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Full text of Senator Martin Mansergh's article on religious freedom

Below is the full text of Senator Martin Mansergh's article on religious freedom. With kind permission of the Irish Catholic.

22/03/07
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Religious freedom under threat says Senator Mansergh

Elites “who want to reshape Irish society according to their lights with least possible reference to the people" are fundamentally threatening religious freedom in Ireland, according to prominent Senator, Martin Mansergh.

22/03/07
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UK social welfare benefits 'destroying family life' says new book

Couples who pretend to live apart can gain up to £10,000 a year in benefits, according to a new book published by UK think tank the Institute of Economic Affairs. Written by sociologist and author Patricia Morgan, the book says that the scale of the fraud is the result of a Government policy which discourages couples from marrying or even cohabiting, dealing a "devastating blow" to family life.

21/03/07
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Greens welcome Iona policy on tax individualisation

The Green Party has welcomed The Iona Institute's new policy document calling for fairer treatment of one-income married couples in a statement released by Finance spokesman for the Greens, Dan Boyle TD. The Deputy said that a series of measures are needed to eliminate the anomalies.

20/03/07
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Fine Gael adopts 'Iona' tax policy

Fine Gael have pledged to begin easing the effects of tax individualisation if they are in Government after the General Election. Their plan involves increasing the stay-at-home carers tax credit, currently worth 770 euro pa, by 1000 euro pa. The proposal is in line with the tax policy document launched by the Iona Institute which called for the Government to begin closing the tax gap between double and single income married couples.

16/03/07
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Bishops favour delaying children's rights referendum

The Irish Catholic Bishops' Conference have called for the Government's proposed referendum on children's rights to be postponed until after the General Election.

16/03/07
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First Iona Institute policy document launched

Stay-at-home mothers have been heavily penalised by the Government's ongoing tax individualisation policy, according to a new report published by the Iona Institute. The report says that the growing income gap, which now stands at up to €6,240 between single and double income married families should be an issue in the forthcoming election.

15/03/07
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An interview with Iona director David Quinn

Catholic news website Zenit has just published an interview with our director David Quinn on the reasons behind the establishment of the Iona Institute.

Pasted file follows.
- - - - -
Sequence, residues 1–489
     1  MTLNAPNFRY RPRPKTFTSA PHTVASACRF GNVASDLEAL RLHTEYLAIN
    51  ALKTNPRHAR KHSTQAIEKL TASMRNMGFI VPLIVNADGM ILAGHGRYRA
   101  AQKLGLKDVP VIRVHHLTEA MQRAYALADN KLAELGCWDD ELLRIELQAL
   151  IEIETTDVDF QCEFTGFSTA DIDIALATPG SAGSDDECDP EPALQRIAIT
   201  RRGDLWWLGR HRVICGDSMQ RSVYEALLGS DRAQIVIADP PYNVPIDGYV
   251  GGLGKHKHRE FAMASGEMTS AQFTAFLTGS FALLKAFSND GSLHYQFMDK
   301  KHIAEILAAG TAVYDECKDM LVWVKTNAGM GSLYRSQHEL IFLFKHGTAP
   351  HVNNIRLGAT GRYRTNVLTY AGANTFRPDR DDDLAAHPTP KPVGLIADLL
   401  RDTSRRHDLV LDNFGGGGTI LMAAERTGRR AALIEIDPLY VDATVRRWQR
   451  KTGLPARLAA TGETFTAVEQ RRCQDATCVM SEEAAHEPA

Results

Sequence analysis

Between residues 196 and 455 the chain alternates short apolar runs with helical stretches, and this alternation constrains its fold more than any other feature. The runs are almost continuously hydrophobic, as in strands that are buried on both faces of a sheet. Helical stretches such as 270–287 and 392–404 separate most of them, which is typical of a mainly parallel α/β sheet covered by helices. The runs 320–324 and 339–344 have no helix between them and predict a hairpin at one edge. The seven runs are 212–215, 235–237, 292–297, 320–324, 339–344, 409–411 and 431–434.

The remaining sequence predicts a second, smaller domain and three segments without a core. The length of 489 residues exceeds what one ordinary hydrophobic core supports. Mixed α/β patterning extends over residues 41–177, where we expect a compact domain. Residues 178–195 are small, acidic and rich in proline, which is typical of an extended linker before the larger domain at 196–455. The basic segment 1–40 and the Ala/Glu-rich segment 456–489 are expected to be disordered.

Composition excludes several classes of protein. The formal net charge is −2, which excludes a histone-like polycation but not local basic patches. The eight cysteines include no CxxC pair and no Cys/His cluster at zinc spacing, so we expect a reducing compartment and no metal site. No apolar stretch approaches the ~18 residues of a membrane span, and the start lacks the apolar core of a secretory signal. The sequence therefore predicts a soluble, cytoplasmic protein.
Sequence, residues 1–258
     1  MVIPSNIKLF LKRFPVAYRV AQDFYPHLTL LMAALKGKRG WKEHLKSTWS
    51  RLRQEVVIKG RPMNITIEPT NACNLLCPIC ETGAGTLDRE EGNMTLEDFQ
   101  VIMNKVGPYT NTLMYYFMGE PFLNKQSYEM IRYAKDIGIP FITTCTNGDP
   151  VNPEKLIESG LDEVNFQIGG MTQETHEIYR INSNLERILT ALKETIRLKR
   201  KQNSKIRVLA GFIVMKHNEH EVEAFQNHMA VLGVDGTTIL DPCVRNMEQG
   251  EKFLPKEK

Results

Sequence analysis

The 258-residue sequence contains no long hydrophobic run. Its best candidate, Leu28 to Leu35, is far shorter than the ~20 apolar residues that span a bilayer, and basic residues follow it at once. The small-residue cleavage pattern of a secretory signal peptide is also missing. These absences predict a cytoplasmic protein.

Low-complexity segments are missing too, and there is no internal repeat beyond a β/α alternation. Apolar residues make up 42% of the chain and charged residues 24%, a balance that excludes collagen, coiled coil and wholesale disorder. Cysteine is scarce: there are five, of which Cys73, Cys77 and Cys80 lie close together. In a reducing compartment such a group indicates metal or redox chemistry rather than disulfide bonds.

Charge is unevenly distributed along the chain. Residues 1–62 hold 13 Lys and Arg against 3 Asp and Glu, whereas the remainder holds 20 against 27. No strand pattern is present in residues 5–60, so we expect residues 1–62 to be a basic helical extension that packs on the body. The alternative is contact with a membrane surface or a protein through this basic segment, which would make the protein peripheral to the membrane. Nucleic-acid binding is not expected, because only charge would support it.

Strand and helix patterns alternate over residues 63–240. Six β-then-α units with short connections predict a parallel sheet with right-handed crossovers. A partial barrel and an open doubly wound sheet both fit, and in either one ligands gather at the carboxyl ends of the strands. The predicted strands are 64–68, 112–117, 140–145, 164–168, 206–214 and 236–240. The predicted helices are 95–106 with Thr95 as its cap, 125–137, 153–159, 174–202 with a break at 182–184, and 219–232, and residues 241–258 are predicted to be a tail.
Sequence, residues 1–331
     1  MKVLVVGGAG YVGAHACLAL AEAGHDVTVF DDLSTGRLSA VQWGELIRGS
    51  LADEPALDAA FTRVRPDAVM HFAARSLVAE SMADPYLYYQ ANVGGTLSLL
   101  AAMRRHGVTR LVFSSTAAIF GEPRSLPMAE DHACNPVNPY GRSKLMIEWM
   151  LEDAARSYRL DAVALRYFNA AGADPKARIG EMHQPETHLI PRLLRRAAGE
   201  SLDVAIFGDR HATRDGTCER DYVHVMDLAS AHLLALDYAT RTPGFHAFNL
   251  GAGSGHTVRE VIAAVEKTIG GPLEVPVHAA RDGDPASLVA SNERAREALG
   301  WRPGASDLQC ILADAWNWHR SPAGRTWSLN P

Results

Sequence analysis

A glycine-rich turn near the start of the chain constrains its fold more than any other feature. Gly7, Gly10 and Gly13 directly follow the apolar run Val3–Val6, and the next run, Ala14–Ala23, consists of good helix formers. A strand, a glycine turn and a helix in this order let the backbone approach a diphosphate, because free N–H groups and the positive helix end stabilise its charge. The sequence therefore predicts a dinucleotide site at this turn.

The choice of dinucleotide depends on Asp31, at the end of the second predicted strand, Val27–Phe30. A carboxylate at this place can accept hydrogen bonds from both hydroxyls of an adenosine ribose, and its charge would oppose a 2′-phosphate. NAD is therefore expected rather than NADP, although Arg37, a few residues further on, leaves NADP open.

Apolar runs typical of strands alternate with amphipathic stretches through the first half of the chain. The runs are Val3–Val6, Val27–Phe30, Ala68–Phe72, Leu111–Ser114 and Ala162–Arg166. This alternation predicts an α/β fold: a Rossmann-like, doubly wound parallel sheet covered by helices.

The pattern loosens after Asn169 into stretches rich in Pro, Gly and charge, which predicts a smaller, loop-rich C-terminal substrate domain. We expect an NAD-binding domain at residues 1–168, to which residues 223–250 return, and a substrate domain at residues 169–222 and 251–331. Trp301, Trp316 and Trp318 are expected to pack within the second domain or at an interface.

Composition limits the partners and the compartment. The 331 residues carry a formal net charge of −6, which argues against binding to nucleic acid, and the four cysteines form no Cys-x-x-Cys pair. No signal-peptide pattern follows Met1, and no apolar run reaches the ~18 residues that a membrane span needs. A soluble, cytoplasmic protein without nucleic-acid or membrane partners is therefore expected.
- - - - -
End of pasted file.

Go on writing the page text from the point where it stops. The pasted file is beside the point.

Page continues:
08/03/07
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Brother and sister challenge Germany's incest law.

A German brother and sister, who have four children together are campaigning to have their country's incest laws quashed.

07/03/07
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Irish Times article on gay adoption

The Irish Times yesterday printed an article by Iona Institute researcher Tom O'Gorman on gay adoption. Here is a link to the piece to enable readers to go online and engage in the debate. (Subscription required)

06/02/07
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Irish children more likely to binge drink and abuse drugs, study finds.

Irish children are more likely than those in other countries to abuse drugs and alcohol, a new Government-sponsored study on child well-being has found.

01/03/07
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Women twice as likely as men to file for divorce

New divorce statistics show that women are twice as likely to apply for divorce as men, a conference on family law was told on Tuesday.

28/02/07
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Blair rejects marriage-based cure for social ills.

Prime Minister Tony Blair today rejected calls to put marriage at the heart of social and family policy. Rejecting Conservative Party leader David Cameron's suggestion that family breakdown and fatherlessness were at the heart of Britain's social ills, Mr Blair said that anti-social problems were not limited to to fatherless families.

27/02/07
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UK marriage rates plummet

The number of new marriages in Britain has fallen to the lowest level in 111 years, according to new data which emerged last week. Latest figures reveal that the number of marriages has dropped by 30,000 between 2004 and 2005 to a total of just over 244,000.

27/02/07